27 November 2017 Edition
Banking scandal – Latest to show the system’s failure
Protecting the customer, the consumer of bank services, is a secondary task for the Central Bank
AS WE FACE in to yet another round of scandals, maladministration, a failure to regulate and a general rip-off of the ordinary citizen, it is more and more apparent that the political and economic system isn’t working – at least not for ordinary voters.
The rich and powerful are still doing well and – under this Fine Gael/Fianna Fáil partnership government – can expect to stay doing well.
The latest row about the banks taking people off tracker mortgages – without legal justification – and forcing them to pay much higher repayments on other mortgage schemes just emphasises the point.
This is not a new issue. It has been known for a year and yet nothing has been done. The regulatory authority – the Central Bank – failed to regulate. In Pearse Doherty’s memorable words, it was a case of the watchdog that didn’t bark.
And the Fine Gael/Independent Government, with no murmur of dissent from Fianna Fáil, was content to let the issue stew. But now that it has burst upon the political scene with a vengeance, they are all huff and puff, threatening dire action against the banks and so on.
But contrast this with the petty vendetta that Leo Varadkar launched against people on social welfare. While his campaign failed to net many ‘fraudsters’ (for the prosaic reason that not many people were guilty of any fraud), it was still pursued with maximum vigour and a blaze of publicity.
People whose crime was to get a few hundred euro more than they were entitled to have ended up in courts – but bankers responsible for some people losing their homes and for many thousands of others suffering stress and hardship can’t be found on the courts’ rolls.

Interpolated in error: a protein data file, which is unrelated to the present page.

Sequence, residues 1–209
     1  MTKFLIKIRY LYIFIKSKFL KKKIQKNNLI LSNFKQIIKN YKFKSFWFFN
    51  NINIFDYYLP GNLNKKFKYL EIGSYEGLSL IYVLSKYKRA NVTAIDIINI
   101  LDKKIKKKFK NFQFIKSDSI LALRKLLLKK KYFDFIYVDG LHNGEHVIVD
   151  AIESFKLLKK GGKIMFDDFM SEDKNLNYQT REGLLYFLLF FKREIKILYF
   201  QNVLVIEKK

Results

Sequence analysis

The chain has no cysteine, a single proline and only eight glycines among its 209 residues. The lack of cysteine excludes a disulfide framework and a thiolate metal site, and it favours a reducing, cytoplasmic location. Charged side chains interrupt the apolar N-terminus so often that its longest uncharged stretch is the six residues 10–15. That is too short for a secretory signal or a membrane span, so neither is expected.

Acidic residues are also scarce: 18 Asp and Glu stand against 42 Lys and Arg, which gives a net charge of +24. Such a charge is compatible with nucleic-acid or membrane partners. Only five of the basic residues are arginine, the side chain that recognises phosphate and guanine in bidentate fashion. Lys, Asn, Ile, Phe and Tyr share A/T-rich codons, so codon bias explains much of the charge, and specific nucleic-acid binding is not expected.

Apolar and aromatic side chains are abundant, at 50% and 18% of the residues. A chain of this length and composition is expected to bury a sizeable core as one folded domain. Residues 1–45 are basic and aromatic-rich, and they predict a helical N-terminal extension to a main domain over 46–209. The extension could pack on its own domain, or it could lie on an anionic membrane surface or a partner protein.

• Pearse Doherty
In the case of the banks, apparently, there are ‘difficulties’ in proving intent and establishing what crime exactly has been committed. And there is another ‘difficulty’, apparently, as to whether there is individual responsibility or whether the banks as institutions should be called to account.
The point is that some individual in the banks instructed that this illegal action be taken; and other individuals, knowingly or otherwise, did it. Not so hard, surely, to find out who is responsible and charge him or her?
Institutionally, though, there is a bigger problem.
The Roman poet Horace once asked who would police the police. As we contemplate the failure of the Central Bank – yet again – this question comes strongly to the fore.
The Central Bank is responsible for making sure that the banking system is functioning, that the banks have the capital need for investment in the economy, and in our society that means ensuring that the banks make a profit.
Protecting the customer, the consumer of bank services, is a secondary task.
But what happens when ensuring the banks’ profitability means that consumers are ripped off and money is taken from them illegally? The rip-off is a small problem but profitability remains central, especially as the banks are readied for reprivatisation, which means making sure that they are profitable enough for a vulture capitalist to buy them.
Don’t worry, though. The Government is determined – yes, determined – that this problem will be resolved by Christmas.
Nothing to see here, so move along, please.
But there is something to see.
This is not just a question of dodgy practices in the banks – all the banks at the same time, apparently. It is a question of the Government’s priorities for the social and economic systems.
Fianna Fáil, from the heights of its pretended opposition, may nitpick on certain issues (for the sake of a bit of publicity and to pretend to be some sort of opposition) but both parties accept the priority of the market – in finance as well as in housing, health and even education.
To put it simply, if you vote for either of these parties you can’t complain when you get the same rip-off policies that they’ve always given us.
The answer is to vote for change. Not just, or mainly, a change of name of those in charge, but a change of policy to put the needs of ordinary working people to the forefront of all policy positions.
Surely it’s time for all those who claim to speak for working people to set aside personal ambitions and combine to argue for the policies that will deliver the change that people need.
Sinn Féin is committed to that. Are the other parties, on both the social democratic and Trotskyist Left, willing to do the same?